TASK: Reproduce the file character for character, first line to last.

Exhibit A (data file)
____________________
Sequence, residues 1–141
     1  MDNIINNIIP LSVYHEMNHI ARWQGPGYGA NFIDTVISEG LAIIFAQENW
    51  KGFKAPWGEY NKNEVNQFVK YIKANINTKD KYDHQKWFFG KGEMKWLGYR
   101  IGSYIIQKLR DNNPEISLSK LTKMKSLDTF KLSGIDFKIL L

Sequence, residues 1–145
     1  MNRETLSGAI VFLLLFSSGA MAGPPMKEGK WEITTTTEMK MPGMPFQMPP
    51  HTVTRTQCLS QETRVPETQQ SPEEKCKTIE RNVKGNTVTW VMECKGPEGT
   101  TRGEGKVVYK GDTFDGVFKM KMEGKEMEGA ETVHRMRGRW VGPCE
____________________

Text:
Sequence, residues 1–141
     1  MDNIINNIIP LSVYHEMNHI ARWQGPGYGA NFIDTVISEG LAIIFAQENW
    51  KGFKAPWGEY NKNEVNQFVK YIKANINTKD KYDHQKWFFG KGEMKWLGYR
   101  IGSYIIQKLR DNNPEISLSK LTKMKSLDTF KLSGIDFKIL L

Sequence, residues 1–145
     1  MNRETLSGAI VFLLLFSSGA MAGPPMKEGK WEITTTTEMK MPGMPFQMPP
    51  HTVTRTQCLS QETRVPETQQ SPEEKCKTIE RNVKGNTVTW VMECKGPEGT
   101  TRGEGKVVYK GDTFDGVFKM KMEGKEMEGA ETVHRMRGRW VGPCE